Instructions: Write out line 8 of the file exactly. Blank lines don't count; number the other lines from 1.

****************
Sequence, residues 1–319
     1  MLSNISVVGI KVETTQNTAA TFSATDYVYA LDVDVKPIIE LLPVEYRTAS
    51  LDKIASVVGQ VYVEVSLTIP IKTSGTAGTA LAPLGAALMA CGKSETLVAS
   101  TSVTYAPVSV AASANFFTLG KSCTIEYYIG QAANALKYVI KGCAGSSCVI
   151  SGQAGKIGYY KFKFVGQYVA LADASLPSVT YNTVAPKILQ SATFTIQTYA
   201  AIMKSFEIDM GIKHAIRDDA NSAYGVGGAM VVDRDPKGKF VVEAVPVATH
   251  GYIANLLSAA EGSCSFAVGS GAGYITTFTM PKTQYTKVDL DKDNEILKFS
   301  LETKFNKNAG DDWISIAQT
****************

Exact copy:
   301  LETKFNKNAG DDWISIAQT